Novo Nordisk (NVO), originally recommended by Carl Delfeld in Cabot Explorer, rivals Eli Lilly as our portfolio’s best performer last week after gapping up 17% in one session! The reason? I’ll let Carl explain: “Novo Nordisk (NVO) jumped this week on data from a five-year trial from its drug Wegovy showing that users had 20% fewer heart attacks, strokes, and cardiovascular deaths, combined, than those who received a placebo in the study.
“Ozempic and Wegovy have become best-selling weight loss drugs, giving Novo Nordisk Hollywood sizzle to become Europe’s second-most valuable company.”
Supporting that narrative, Novo Nordisk reported first-half earnings on Wednesday, with net sales improving 30% and net profits up 44%. That prompted the Danish pharmaceutical giant to raise second-half 2023 revenue estimates to 27% to 33% and operating profit growth to 31% to 37%.
Shares are now hitting new all-time highs, and we have a 36% gain on the stock. If you bought early after our late-December 2022 recommendation, it’s a good time to book profits on a few shares at these elevated levels. But between the encouraging Wegovy trial results and the strong first-half sales, I’m keeping my rating at Buy. BUY
ServiceNow (NOW), originally recommended by Mike Cintolo in his Cabot Top Ten Trader advisory, bounced back nicely this week, lifting more than 2% despite a down market. Perhaps investors had a chance to digest the company’s earnings from a couple weeks ago. They were quite solid: Adjusted EPS was up 46% year over year (and ahead of estimates), while revenues improved by 22.7%. But the top-line beat was narrow enough (0.99%) that NOW shares were sold off immediately following the report. While not nearly back to pre-earnings levels (590) or its July highs (603), the bounce off 550 support was a good sign. And we are now back in the black on the stock. BUY
Shopify Inc. (SHOP), originally recommended by Tyler Laundon in Cabot Early Opportunities, was down another 3.5% on the heels of its unearned earnings blowup the week before. The shares do appear to have found a bottom at 55, however, so you could nibble at these levels. And again, the earnings weren’t actually bad: Revenues improved 30.8% year over year, beating estimates, while earnings per share of 14 cents widely outpaced the six cents per share analysts were expecting. A dip below that 55 level may force us to reassess, but for now, we’re keeping the e-commerce giant at Buy. BUY
Si-Bone (SIBN), originally recommended by Tyler Laundon in Cabot Early Opportunities, collapsed on the back of decent earnings last week, prompting us to send out an Alert. Revenue improved 30% year over year and beat estimates by $2 million, while per-share losses (the company is not yet profitable) beat analyst estimates by a penny. Also, the company raised full-year revenue guidance by $3.5 million. The stock responded by nose-diving about 14%, though shares have bounced back a bit since.
The big losses on the heels of a beat-and-raise quarterly report prompted Tyler to double down on his Buy rating. We’ll keep it at Buy too, but any dip below 20 support would indicate something is broken with the stock and would likely have us selling. Let’s see how the mini-rebound plays out for this small-cap MedTech stock. BUY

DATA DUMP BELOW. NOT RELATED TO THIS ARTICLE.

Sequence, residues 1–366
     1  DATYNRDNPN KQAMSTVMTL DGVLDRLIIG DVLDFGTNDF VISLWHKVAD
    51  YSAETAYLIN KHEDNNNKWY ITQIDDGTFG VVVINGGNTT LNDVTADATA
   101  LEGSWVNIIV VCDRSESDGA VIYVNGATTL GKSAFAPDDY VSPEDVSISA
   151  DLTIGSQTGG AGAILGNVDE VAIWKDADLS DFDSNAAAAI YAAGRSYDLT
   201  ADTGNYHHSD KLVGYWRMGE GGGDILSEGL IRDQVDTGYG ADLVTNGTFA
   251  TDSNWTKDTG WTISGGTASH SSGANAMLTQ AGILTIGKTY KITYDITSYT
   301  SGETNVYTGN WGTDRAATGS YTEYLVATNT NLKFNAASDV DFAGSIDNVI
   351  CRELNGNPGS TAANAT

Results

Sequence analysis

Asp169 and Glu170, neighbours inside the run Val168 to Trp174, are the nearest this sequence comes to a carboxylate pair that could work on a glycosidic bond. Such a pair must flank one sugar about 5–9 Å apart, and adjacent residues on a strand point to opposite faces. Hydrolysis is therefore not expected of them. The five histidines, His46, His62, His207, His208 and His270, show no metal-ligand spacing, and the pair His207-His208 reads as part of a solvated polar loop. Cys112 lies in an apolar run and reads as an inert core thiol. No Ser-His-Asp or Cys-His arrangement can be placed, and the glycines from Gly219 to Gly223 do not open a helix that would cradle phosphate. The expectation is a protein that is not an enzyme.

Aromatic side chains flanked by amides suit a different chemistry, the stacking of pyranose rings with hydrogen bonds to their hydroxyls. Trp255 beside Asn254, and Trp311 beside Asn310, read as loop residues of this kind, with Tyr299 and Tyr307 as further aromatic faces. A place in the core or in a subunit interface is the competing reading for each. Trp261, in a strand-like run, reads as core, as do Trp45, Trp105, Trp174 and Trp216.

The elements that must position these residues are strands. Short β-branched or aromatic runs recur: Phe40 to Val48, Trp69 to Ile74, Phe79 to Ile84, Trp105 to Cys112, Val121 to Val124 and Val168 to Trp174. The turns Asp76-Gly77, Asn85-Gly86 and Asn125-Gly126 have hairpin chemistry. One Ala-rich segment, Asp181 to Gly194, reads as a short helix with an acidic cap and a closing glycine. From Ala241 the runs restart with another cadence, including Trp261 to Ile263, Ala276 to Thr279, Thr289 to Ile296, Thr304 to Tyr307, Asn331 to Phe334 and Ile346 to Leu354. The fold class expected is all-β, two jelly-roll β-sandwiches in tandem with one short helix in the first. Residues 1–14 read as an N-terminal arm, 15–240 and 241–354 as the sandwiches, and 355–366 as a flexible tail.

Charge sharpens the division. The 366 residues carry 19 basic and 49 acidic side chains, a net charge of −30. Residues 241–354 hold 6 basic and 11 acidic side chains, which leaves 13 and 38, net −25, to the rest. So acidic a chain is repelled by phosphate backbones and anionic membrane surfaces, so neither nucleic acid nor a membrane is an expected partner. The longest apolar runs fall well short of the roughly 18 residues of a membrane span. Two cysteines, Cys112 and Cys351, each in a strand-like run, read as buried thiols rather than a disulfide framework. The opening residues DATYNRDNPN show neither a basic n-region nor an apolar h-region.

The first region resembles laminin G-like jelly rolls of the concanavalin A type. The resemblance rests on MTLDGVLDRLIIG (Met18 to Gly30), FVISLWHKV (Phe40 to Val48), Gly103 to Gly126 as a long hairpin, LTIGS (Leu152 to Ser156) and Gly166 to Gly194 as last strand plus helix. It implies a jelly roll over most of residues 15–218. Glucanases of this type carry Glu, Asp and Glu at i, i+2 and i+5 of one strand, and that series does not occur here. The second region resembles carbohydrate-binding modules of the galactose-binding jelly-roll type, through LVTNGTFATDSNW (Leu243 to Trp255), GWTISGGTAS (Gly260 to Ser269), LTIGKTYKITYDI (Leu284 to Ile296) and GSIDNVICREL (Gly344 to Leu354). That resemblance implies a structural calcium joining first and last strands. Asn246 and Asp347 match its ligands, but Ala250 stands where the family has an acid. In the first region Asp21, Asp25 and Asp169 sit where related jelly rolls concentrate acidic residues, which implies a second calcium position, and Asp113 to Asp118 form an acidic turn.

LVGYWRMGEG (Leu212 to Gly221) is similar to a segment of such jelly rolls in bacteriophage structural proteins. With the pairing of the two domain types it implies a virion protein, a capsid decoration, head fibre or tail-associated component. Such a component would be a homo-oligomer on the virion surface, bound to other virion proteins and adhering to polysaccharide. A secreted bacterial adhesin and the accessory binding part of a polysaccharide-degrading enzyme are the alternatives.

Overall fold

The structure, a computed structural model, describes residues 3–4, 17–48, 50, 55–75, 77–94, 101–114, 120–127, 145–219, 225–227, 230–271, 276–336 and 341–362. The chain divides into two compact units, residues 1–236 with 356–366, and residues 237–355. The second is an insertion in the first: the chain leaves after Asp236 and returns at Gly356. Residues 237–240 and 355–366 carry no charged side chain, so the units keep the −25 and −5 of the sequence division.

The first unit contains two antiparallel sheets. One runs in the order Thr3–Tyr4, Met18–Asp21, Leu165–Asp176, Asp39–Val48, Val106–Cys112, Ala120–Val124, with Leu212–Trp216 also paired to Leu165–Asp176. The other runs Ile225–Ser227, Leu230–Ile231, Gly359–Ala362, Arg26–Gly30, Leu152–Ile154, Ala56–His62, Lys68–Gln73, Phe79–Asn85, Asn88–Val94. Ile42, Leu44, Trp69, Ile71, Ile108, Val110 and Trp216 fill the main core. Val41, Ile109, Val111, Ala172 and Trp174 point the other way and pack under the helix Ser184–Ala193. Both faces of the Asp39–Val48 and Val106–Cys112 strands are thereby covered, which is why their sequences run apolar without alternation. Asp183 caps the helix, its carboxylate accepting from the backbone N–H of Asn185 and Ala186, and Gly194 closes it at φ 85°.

Spotify (SPOT), originally recommended by Mike Cintolo in his Cabot Top Ten Trader advisory, has fallen below support at 140, and it’s time to Sell. Unlike virtually all the other earnings blowups among growth stocks in this portfolio, Spotify’s was warranted, as Q2 results for the streaming audio giant missed the mark. Let’s limit our losses (a mere 5%) and say goodbye to a company that appears to be losing momentum. MOVE FROM HOLD TO SELL
Terex (TEX), originally recommended by Mike Cintolo in Cabot Top Ten Trader, gave back some of its post-earnings gains this week, though not all of them. The pullback was likely in sympathy with the down market. The quarter was still impressive: Adjusted EPS of $2.35 blew analyst estimates ($1.61) out of the water and was a 120% improvement from the same quarter a year ago. Revenues increased 30% year over year. The company also raised full-year 2023 guidance. BUY
Tesla (TSLA), originally recommended by Mike Cintolo in Cabot Top Ten Trader, kept falling, down another 5% this past week. More price cuts, this time to its Model Y Long Range and Performance variants in China to better compete with surging BYD (see above), prompted some of the selling. Still, the price cuts were modest ($1,930, or about 4%), and probably not worthy of all the handwringing (Cathie Wood’s Ark Invest firm just sold 100,000 TSLA shares, which seems like a good counter-indicator). We’ll keep the stock at Buy, as shares are still up 93% year to date, and thus were due for a pullback, even a semi-painful one like the current monthlong retreat. BUY
Uber (UBER), originally recommended by Mike Cintolo in Cabot Growth Investor, was down another 3.5% last week, though it appears to have bounced off support at 43. In his latest update, Mike wrote, “UBER has been steadily losing altitude since earnings because of the market environment, though we continue to think the future is bright. We went over most of the earnings-related positive tidings in last week’s update, so we won’t rehash all of it, but many analysts are seeing next year’s EBITDA target of $5 billion as super conservative (one is looking for $6.2 billion), with free cash flow also buoyant, and don’t forget about Uber possibly getting some cash from its freight business, which is reportedly on the block or could be spun off. Back to the stock, we could sell a piece of our holdings if things really get ugly, but we think there’s a good chance big investors will support the stock as shares approach support (UBER is near its 50-day line here). Thus, we’ll stay on Buy for now, and aren’t opposed to nibbling here if you don’t own any.”
I agree. Let’s keep UBER at Buy. BUY
If you have any questions, don’t hesitate to email me at firstname.lastname@example.org. You can also follow me on Twitter, @Cabot_Chris.
Here, too, is the latest episode of Cabot Street Check, the weekly podcast I host with my colleague Brad Simmerman.
The next Cabot Stock of the Week issue will be published on August 21, 2023.